Tuesday, August 23, 2011

Taiwan’s self-defeating behavior

For the sake of the longstanding US-Taiwan alliance, it is incumbent upon Taipei to answer one question at this critical juncture: Where is Bill Moo?

At a time of great uncertainty over Taiwan’s ability to purchase advanced combat aircraft from the US, one would expect Taipei to do its utmost to send the right signals to Washington, not only that it takes national defense seriously, but also that it would ensure that US technology does not end up in China’s hands.

Struggling to convince the electorate that it is committed to national defense, President Ma Ying-jeou’s (馬英九) administration in recent years made no less than 21 appeals to Washington to agree to the sale of 66 F-16C/Ds. However, there is evidence that those sound bites aside, Taiwan’s efforts to secure the sale under Ma have been halfhearted at best. As a result, various reports have recently stated that the deal is all but dead and that Taiwan will have to make do with upgrades to its aging F-16A/Bs, which could include top-of-the-line radar technology.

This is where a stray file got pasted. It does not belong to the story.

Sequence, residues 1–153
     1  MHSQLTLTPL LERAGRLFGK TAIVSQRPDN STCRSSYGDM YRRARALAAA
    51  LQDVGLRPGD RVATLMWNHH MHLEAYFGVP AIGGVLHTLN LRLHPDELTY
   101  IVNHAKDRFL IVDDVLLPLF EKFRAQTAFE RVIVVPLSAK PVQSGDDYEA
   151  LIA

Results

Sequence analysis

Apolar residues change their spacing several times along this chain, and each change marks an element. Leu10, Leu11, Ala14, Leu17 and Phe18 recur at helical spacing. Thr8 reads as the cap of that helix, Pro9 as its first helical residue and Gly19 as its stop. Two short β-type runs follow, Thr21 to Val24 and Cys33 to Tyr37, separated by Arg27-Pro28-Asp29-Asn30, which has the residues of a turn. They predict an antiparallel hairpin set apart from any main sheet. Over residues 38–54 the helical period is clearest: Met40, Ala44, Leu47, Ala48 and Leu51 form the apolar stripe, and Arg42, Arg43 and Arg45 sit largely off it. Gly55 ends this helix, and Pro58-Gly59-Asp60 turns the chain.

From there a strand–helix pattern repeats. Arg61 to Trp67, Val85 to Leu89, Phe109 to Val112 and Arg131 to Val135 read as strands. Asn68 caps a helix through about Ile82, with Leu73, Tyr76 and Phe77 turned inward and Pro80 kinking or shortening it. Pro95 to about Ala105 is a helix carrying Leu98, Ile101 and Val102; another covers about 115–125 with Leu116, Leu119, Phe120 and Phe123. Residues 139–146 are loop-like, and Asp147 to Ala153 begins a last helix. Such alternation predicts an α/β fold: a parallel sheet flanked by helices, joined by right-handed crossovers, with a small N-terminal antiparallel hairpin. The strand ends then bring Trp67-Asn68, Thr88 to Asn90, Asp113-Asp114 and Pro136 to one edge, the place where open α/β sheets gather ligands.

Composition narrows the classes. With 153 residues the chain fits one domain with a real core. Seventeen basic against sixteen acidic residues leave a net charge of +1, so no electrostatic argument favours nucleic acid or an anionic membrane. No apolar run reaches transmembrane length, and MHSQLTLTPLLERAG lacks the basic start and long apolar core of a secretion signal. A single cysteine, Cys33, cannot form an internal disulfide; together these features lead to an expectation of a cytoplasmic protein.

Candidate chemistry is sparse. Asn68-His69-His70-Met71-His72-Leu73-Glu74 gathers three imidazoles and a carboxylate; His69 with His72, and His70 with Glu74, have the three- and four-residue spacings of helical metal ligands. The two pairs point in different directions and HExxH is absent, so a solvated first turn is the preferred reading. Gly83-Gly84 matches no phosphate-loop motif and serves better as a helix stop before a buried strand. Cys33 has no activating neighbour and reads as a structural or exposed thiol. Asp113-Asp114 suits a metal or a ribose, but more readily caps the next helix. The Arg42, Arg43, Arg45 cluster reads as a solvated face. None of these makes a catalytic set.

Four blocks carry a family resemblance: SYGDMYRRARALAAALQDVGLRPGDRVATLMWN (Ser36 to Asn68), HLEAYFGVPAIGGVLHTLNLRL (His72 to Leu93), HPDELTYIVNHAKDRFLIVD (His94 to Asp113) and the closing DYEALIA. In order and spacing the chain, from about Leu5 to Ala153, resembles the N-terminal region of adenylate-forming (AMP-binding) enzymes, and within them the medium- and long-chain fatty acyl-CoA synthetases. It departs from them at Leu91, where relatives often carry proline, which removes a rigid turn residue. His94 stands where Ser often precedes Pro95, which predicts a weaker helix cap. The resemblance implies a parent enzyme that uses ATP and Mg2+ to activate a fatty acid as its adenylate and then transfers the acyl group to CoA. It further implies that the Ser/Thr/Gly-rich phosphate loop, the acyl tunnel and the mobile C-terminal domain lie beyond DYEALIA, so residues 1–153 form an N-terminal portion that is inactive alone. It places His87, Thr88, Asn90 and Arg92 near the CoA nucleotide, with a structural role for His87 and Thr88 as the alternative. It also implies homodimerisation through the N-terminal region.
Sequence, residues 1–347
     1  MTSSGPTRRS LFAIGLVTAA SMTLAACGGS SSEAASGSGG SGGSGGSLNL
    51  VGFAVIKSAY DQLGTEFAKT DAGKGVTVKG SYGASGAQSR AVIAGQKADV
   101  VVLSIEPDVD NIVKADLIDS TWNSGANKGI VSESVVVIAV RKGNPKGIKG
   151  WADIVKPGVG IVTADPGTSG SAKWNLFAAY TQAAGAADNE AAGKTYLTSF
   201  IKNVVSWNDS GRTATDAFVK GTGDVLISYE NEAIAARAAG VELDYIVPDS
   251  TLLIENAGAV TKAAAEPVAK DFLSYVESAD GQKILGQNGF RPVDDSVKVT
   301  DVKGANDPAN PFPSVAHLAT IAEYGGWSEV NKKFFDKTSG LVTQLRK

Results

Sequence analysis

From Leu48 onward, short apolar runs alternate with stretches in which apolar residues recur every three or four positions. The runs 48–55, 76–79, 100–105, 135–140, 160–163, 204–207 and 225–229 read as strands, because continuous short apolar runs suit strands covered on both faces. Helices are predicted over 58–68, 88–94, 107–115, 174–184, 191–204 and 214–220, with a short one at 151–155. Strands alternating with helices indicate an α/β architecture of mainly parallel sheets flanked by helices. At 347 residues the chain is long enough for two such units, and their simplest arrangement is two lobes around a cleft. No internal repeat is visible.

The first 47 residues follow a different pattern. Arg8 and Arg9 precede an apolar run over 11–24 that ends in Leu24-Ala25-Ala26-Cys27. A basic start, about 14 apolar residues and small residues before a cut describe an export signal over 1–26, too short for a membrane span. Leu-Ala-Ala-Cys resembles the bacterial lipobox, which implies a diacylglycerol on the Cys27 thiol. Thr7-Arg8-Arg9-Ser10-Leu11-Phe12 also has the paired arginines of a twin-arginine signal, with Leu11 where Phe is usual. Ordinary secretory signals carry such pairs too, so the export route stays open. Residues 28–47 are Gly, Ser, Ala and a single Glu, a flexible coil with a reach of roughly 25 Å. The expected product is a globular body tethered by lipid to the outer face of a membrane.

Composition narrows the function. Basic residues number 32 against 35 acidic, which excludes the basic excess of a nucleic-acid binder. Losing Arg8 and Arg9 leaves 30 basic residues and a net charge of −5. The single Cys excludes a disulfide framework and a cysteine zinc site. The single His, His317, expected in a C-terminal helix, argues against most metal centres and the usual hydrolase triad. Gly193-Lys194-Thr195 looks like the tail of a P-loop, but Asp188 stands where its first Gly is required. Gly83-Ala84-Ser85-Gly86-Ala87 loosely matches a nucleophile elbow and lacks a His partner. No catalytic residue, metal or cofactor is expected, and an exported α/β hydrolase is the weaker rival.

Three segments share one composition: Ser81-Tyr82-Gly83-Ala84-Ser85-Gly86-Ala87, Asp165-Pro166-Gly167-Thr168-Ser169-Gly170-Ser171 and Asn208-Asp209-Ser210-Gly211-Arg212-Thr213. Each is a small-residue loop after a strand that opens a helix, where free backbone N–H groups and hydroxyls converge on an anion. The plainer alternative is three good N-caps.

Now recent developments are threatening even that. Enter Ko-suen “Bill” Moo (慕可舜), a former top sales representative for Lockheed Martin who was arrested in Florida in 2005 for attempting to sell, among other items, an F-16 engine to a region of China long known for its reverse-engineering of military technology. After doing time in a US federal prison, Moo was deported to Taiwan last week, where he promptly disappeared from radar screens.

However hard Taiwanese officials try to argue that Moo never broke any laws in this nation, the very presence in Taiwan of Lockheed Martin’s former top sales representative for radar and C4ISR systems for Taiwan, added to his deep contacts with the then-upper echelons of the air force, are enough to make one pause. Even more worrying is the fact that the authorities appear to be clueless as to his whereabouts.

My unsigned editorial, published today in the Taipei Times, continues here.

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